Nonfiction: Dylan’s Nobel Lecture, Information Science Reference, Dr. Ruth on Relationships | Xpress Reviews

Week ending December 8, 2017

Dylan, Bob. The Nobel Lecture. S. & S. Nov. 2017. 32p. ISBN 9781501189401. $16.99; ebk. ISBN 9781501189418. MUSIC
From the moment Dylan was awarded the 2016 Nobel Prize for Literature, controversy ensued. First, there was great surprise—and in some quarters, dismay—that he had been chosen. Next, Dylan delayed acknowledging the award for several weeks. Then he announced that he would not be able to accept the prize in person. His short acceptance speech was read for him at the ceremony. Finally, he submitted a written lecture (an obligation for all recipients), accompanied by an audio recording. The text of that lecture has now been published in a slim hardbound volume. Initially well received, Dylan’s lecture quickly became the object of charges of plagiarism. After mentioning some of his early musical influences (Buddy Holly, Leadbelly, and “all the early folk artists”), he devotes most of the 23-page piece to works of literature that made an impression on him in “grammar school.” “And the themes from those books worked their way into many of my songs, either knowingly or unintentionally.” He focuses on three great works of literature—Moby-Dick, All Quiet on the Western Front, and The Odyssey—and here is where he gets into trouble. Apparently, the Nobel Laureate “borrowed” text and summaries of those books from SparkNotes guides. Nevertheless, Dylan brings it all back to his own creative process: “If a song moves you, that’s all that’s important. I don’t have to know what a song means. I’ve written all kinds of things into my songs.”
Verdict All Dylan fans will want to have the Nobel lecture in their collection, and this fine volume will give it permanence.—Thomas Karel, Franklin & Marshall Coll. Lib., Lancaster, PA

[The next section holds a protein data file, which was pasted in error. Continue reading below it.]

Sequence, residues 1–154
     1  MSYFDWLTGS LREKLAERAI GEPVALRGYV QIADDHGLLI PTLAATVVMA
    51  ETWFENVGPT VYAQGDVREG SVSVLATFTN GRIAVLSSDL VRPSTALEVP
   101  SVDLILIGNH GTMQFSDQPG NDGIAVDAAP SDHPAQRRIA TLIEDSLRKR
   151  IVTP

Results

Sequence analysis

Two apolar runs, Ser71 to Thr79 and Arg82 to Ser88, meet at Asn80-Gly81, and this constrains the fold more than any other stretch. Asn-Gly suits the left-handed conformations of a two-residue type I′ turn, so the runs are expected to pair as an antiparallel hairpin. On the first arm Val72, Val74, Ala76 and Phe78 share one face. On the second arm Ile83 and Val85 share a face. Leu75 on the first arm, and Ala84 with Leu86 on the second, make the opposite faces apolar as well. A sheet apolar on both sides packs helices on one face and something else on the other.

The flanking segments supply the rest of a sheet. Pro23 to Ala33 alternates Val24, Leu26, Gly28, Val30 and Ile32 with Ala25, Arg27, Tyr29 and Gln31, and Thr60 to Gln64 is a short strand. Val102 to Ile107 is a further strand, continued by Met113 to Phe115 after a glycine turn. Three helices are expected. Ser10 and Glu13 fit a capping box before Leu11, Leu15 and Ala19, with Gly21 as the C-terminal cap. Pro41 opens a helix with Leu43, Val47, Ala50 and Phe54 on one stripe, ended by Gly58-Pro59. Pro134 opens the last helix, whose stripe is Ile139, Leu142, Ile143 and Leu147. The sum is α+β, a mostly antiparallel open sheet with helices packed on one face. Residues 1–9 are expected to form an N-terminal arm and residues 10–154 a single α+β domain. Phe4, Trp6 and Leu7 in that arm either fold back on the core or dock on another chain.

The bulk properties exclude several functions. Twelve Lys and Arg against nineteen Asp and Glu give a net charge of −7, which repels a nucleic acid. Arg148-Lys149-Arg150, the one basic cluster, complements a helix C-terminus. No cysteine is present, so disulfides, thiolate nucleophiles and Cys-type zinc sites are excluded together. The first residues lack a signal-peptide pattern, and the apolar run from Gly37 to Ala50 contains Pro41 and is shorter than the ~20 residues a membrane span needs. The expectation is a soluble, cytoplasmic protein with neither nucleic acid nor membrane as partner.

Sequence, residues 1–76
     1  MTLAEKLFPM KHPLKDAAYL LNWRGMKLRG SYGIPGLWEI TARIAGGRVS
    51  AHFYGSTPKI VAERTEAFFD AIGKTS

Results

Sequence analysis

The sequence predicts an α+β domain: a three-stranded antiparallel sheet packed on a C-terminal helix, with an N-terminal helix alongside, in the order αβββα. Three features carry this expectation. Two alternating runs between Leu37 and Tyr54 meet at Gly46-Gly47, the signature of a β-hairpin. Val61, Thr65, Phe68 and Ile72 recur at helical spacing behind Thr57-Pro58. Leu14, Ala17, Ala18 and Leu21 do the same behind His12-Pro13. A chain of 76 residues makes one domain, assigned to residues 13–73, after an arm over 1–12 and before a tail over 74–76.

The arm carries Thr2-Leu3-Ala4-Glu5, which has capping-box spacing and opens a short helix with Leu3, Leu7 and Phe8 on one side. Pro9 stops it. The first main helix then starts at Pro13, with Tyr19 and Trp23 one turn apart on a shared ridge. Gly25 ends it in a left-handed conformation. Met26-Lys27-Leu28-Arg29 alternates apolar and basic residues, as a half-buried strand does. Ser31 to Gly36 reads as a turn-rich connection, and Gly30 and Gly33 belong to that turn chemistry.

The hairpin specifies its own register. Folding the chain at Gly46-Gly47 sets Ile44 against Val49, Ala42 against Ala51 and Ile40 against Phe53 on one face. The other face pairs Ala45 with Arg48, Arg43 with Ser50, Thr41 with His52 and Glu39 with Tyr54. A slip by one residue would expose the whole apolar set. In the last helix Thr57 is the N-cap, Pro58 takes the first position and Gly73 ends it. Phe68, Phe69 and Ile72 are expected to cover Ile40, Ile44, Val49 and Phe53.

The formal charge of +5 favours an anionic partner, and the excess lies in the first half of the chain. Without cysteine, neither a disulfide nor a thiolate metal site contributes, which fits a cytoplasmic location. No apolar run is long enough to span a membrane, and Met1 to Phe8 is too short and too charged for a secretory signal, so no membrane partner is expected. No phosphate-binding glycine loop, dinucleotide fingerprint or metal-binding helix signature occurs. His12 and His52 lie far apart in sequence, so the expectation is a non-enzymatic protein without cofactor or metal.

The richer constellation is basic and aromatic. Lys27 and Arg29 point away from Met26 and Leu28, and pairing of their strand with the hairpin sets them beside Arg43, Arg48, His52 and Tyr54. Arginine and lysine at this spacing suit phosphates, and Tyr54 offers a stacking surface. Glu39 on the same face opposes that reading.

Encyclopedia of Information Science and Technology. 4th ed. 10 vols. IGI Global. Jun. 2017. 8104p. ed. by Mehdi Khosrow-Pour. illus. index. ISBN 9781522522553. $5,695; ebk. ISBN 9781522522560. REF
The fourth edition of this encyclopedia (the first set hit shelves in 2005) features 705 chapters, each about ten pages long and focusing on a specialized subject in information science and technology (IS&T). Topics range from “efficient optimization using metaheuristics” to the “safeguarding of ATM” to “mobile game-based learning.” Editor Khosrow-Pour (executive editor, IGI Global) has gathered a variety of contributors, many of whom live and work outside the United States and deliver valuable global perspectives on IS&T. For example, one article examines discrimination against women in IT fields in the United States, while another tackles the same problem in Malawi and other African nations. Each chapter features a unique digital object identifier (DOI), enhancing discoverability. The encyclopedia is sold as a ten-volume print set and/or in e-format (downloadable, DRM-free PDFs are available at the book and chapter levels). Librarians will appreciate these options, and IS&T students and researchers should find specific chapters useful. Unfortunately, many of the contributors provide simplistic interpretations and unacceptable citations, such as Google. Others are poorly written to the point of incoherence, riddled with grammatical errors and awkward phrasing.
Verdict Notwithstanding some high-quality content, this title’s sloppy editing, uneven content, and high price make it a questionable investment for academic libraries or scholars.—Michael Rodriguez, Univ. of Connecticut, Storrs

Westheimer, Ruth K. with Pierre A. Lehu. Stay or Go: Dr. Ruth’s Rules for Real Relationships. Amazon. Jan. 2018. 153p. ISBN 9781542046718. pap. $14.95; ebk. ISBN 9781542096713. SELF-HELP
In this collaborative work “for the person who’s wondering whether to stay or go,” renowned relationship/psychosexual therapist Westheimer (Columbia Univ. Teachers Coll.; Sexually Speaking), aka Dr. Ruth, with writer Lehu, focuses on individuals who are on the precipice of ending troubled relationships. Couples are challenged to analyze the strengths and weaknesses of their situation and encouraged to identify salvageable unions by being open to mutual compromise and thoughtful communication. Westheimer emphasizes that relationships are subjective collaborations between unique people and should be treated as such. Key concepts, bookmarked throughout by “Stop and Consider” questions, prompt practical application. Each chapter addresses financial pressures, power struggles, career goals, waning compatibility, and other relevant stressors that complicate emotional bonds. Above all, readers are instructed to manage expectations of fairy-tale endings by tailoring emotional requirements to the limitations of daily life and the evolution of personalities.
Verdict A clearly written, succinct resource for those waffling with the decision to stay or move on from a long-term relationship.—Angela Dixon, Georgia State Univ. Lib., Clarkston

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